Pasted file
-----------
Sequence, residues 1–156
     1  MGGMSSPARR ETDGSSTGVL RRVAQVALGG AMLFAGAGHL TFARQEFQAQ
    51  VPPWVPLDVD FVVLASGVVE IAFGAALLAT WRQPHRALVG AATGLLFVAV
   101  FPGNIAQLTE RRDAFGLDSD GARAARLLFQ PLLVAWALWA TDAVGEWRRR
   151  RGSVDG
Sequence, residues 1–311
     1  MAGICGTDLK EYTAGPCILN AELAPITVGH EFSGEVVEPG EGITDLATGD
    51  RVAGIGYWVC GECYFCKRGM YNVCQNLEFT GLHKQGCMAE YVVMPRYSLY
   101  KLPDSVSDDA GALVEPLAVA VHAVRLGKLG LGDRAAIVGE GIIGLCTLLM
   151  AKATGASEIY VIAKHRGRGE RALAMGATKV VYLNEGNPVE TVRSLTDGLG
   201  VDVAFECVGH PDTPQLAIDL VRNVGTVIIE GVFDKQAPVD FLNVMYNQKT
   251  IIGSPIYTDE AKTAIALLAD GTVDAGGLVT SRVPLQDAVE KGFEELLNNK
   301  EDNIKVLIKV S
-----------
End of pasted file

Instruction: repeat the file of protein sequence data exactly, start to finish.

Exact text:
Sequence, residues 1–156
     1  MGGMSSPARR ETDGSSTGVL RRVAQVALGG AMLFAGAGHL TFARQEFQAQ
    51  VPPWVPLDVD FVVLASGVVE IAFGAALLAT WRQPHRALVG AATGLLFVAV
   101  FPGNIAQLTE RRDAFGLDSD GARAARLLFQ PLLVAWALWA TDAVGEWRRR
   151  RGSVDG
Sequence, residues 1–311
     1  MAGICGTDLK EYTAGPCILN AELAPITVGH EFSGEVVEPG EGITDLATGD
    51  RVAGIGYWVC GECYFCKRGM YNVCQNLEFT GLHKQGCMAE YVVMPRYSLY
   101  KLPDSVSDDA GALVEPLAVA VHAVRLGKLG LGDRAAIVGE GIIGLCTLLM
   151  AKATGASEIY VIAKHRGRGE RALAMGATKV VYLNEGNPVE TVRSLTDGLG
   201  VDVAFECVGH PDTPQLAIDL VRNVGTVIIE GVFDKQAPVD FLNVMYNQKT
   251  IIGSPIYTDE AKTAIALLAD GTVDAGGLVT SRVPLQDAVE KGFEELLNNK
   301  EDNIKVLIKV S